The chief of the Fair Work Commission has proposed replacing weekend penalty rates in the retail industry with ‘loaded’ (higher) hourly rates, which would avoid the need for small businesses to enter into a new enterprise agreement.
Speaking at the AFR’s Retail Summit on Thursday, Fair Work Commission president Iain Ross noted a clause in the Hospitality Industry Award in which an employer and employee can enter into an ‘alternative’ arrangement to the payment of the weekly minimum wages prescribed in the award.
“In essence, and subject to some important safeguards, they can enter into an agreement to pay the weekly rate plus 25 per cent in lieu of the entitlement to penalty rates and overtime,” he said.
However, Ross conceded the provision is not necessarily appropriate for the retail industry.
“But it should be possible to develop a schedule to the award which provides that employees are paid a higher, ‘loaded’, hourly rate of pay – in lieu of an entitlement to penalty rates,” he said.
“There would need to be appropriate safeguards and interested parties would be given an opportunity to comment on any proposal.”
According to Ross, a loaded rates schedule would allow small businesses to access additional flexibility, without the need to enter into an enterprise agreement.
Ross noted the idea to incorporate loaded hours rates in the award system would be revisited after the completion of the main penalty rates review, which is set to be released by the end of the year or start of next year.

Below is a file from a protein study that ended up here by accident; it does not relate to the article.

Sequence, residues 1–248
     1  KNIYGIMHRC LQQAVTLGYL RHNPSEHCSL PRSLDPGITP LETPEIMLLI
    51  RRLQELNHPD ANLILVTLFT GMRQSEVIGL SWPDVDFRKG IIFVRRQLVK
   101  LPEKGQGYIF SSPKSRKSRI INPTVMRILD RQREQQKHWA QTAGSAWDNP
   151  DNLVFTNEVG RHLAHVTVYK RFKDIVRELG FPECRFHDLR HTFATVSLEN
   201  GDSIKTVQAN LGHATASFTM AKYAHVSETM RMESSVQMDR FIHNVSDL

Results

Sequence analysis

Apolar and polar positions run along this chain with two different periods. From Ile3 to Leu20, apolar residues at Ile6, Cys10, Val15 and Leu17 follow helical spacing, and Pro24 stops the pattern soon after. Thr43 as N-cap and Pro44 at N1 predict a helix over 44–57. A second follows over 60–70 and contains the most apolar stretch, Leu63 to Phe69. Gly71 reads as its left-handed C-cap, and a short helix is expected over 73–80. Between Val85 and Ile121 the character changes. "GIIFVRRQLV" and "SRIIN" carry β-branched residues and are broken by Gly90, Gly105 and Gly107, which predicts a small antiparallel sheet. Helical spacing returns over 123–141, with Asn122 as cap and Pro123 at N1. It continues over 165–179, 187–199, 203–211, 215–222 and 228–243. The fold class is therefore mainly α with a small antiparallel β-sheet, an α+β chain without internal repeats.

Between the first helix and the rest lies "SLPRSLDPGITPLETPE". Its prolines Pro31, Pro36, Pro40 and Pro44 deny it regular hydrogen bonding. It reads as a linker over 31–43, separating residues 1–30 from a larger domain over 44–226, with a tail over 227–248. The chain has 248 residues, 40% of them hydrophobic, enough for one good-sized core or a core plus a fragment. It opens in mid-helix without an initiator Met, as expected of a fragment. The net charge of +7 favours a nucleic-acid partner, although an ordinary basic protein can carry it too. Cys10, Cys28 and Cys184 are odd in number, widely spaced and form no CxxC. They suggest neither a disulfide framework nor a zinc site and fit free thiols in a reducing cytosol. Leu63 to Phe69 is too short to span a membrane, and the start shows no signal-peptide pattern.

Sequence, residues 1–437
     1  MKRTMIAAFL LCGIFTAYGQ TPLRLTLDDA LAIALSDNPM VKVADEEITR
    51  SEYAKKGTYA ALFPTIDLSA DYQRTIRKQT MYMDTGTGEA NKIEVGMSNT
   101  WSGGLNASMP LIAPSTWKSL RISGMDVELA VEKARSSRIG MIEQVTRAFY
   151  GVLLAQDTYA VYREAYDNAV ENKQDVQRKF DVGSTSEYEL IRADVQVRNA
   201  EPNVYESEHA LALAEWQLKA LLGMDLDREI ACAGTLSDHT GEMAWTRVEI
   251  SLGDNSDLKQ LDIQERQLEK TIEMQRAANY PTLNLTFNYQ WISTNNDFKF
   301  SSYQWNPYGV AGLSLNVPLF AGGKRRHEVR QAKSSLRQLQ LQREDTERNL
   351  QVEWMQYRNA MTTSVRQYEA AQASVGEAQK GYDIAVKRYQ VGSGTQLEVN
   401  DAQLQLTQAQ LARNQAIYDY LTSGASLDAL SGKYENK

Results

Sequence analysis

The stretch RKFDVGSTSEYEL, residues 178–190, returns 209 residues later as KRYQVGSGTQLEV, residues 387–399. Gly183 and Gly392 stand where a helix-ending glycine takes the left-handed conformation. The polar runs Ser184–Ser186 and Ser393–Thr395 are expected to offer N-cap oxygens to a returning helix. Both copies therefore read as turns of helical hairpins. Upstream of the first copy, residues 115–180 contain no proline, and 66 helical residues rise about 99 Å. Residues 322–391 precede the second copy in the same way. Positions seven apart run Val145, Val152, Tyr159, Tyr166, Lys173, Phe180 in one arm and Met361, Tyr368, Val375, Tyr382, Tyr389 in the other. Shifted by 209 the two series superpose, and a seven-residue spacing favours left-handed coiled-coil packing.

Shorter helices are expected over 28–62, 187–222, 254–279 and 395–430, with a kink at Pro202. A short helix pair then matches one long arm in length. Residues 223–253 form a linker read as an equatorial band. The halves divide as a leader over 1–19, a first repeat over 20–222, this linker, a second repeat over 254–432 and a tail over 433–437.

He also revealed the Fair Work Commission has received 6000 submissions into varying the modern retail award.
The CEO of the Council of Small Business of Australia, Peter Strong, has welcomed the discussion, stating community expectations for businesses to be as available on weekends as they are during the week.
“The weekend has become less sacrosanct than it was 30 years ago and many people are just as happy to work on weekends as they are during the traditional Monday to Friday week,” Strong said in a statement.
He highlighted that while there are some challenges in changing long-held employment practices such as weekend penalty rates, small business has had to accommodate increased societal demands for weekend trading.
“It is only sensible that we revisit weekend employment practices,” Strong said.
“We warmly welcome President Ross’s leadership on this issue and we will be discussing this with our members and look forward to participating in this discussion in the near future.”